The Alpes-Maritimes has four main capes - Cap Martin, Cap Ferrat, Cap d’Ail and Cap d’Antibes -, which draw a very wealthy international clientele, very fond of properties at the edge of the sea. The most prestigious, and also the most expensive, is Cap Ferrat which separates Beaulieu-sur-Mer from Villefranche-sur-Mer. Nicknamed “the millionaires’ cape” and protected by French law regarding shorelines which avoids any risk of excessive construction, the cape can be discovered along an 11-km path taking you all around it from the Passable beach to the village of Saint-Jean. One property of 400 m2 in grounds of 3,000 m2 sloping down to the sea is awaiting a new owner at a price over 20 million euros. Since the beginning of 2012, Cap d’Ail has seen several villas arrive on the market, including a survivor from the “Belle Epoque”, offering living space of 500 m2 with 6 bedrooms, which has been owned by the same family ever since it was built. Also renowned for its villas at the water’s edge, Cap d’Antibes developed around the middle of the 19th century. It was then that wealthy Englishmen and Russians had luxurious residences built. Here again, a coastal path, “le sentier du Tirepoil”, goes all around the cape from the car-park of La Garoupe to the Villa Eilenroc. On the west side, one discovers the charming little harbour of L’Olivette where the lucky few moor their traditional “pointu” boats. Stars and celebrities have either made the address their second home or spend idyllic vacations here, entertaining lavishly well-hidden from prying eyes. One of these very wealthy personalities is Roman Abramovitch, the Russian billionaire, owner of the Chelsea football club, who acquired the Château de la Croë in 2004. This example of a Victorian-style castle with living space of 2,000 m2 was built in 1927 and played host to King Edward VIII after he abdicated from the throne. Other examples of outstanding properties right at the water’s edge are the Villa Médi Roc and Château de la Garoupe. “On this micro-market, the starting-price is never below 5 million euros and may attain 100 million euros. But whatever the price, the sale is always handled with the utmost discretion,” says Aurélien Monnier of the Agence du Cap d’Antibes. Currently, one of the rare offerings - if not the only one - on Cap d’Antibes is an historic residence of 1,000 m2 shared out between the main home and houses for guests and guardians, on approx. 2.96 acres of land with a private beach and access for tenders. 100 % of these villas are holiday homes and the majority of the clientele is comprised of foreigners. In the 1990’s, oligarchs discovered the Côte d’Azur and its exclusive residences. Today, the Russians are active on the market more than ever, though they are now mostly self-made businessmen. Estate-agents mention the return of German buyers and good interest on the part of the Swiss, Belgians, Dutch, American, Chinese and Italians. And what about the French ? They consist of company bosses, usually directors of firms quoted on the CAC 40 stock market. Often a yacht-owner, the typical client loves the sea and is often making a long-term family investment. “This micro-market is stable despite the crunch, with a steady volumes of sales and prices that tend upwards,” notes Mathias Debois-Frogé of John Taylor Real Estate. Stocks and availabilities are limited, with potential buyers waiting a year or more before finding their dream home at the water’s edge. The new owner is prepared to be patient, knowing that the Côte d’Azur will then offer both him and his family the opportunity to relax and take full advantage of a wide variety of leisure activities, serenity they do not always experience in their countries of origin, and an environment they appreciate as a little corner of paradise.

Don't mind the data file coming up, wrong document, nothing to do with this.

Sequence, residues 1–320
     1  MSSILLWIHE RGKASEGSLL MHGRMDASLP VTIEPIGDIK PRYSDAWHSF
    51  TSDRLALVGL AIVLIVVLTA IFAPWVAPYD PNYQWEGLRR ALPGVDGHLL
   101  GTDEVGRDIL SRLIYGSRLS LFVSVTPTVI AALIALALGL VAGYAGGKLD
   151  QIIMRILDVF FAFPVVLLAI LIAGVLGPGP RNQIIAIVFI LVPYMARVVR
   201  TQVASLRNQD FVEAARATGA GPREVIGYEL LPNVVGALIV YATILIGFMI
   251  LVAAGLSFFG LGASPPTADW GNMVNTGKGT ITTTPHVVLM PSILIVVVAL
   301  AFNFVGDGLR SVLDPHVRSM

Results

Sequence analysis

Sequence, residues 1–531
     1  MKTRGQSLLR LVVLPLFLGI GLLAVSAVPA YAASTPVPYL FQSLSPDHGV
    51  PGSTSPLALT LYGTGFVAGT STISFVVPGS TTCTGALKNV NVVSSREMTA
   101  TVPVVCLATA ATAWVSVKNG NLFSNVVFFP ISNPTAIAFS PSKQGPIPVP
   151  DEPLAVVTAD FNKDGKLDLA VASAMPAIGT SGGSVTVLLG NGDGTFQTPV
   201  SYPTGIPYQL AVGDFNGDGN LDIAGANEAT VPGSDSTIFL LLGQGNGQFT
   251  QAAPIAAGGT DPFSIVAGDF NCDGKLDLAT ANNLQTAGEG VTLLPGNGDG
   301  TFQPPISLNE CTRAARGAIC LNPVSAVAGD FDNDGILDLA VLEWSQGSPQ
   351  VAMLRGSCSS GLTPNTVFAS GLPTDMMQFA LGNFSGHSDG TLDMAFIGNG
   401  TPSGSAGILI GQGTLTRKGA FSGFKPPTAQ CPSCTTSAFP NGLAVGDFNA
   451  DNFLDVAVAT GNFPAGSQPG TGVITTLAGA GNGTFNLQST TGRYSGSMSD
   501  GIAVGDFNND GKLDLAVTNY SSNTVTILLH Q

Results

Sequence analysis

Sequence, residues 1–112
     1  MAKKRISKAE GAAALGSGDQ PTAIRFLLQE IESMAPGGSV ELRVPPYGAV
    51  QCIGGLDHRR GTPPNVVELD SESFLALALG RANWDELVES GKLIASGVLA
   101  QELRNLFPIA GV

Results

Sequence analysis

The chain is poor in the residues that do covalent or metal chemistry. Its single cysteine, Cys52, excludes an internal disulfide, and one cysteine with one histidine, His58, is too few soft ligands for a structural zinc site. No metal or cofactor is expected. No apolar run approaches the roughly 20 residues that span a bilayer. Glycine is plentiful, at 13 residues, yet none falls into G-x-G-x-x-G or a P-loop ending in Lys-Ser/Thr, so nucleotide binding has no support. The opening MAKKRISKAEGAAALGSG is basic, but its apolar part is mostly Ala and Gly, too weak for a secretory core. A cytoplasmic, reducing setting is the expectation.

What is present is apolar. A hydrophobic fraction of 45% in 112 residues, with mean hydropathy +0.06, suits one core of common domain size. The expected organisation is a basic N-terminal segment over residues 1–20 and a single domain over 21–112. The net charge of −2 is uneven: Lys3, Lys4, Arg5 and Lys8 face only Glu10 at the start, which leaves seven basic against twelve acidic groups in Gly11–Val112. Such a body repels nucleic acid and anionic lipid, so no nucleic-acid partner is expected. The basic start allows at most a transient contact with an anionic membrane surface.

By Cécile Olivéro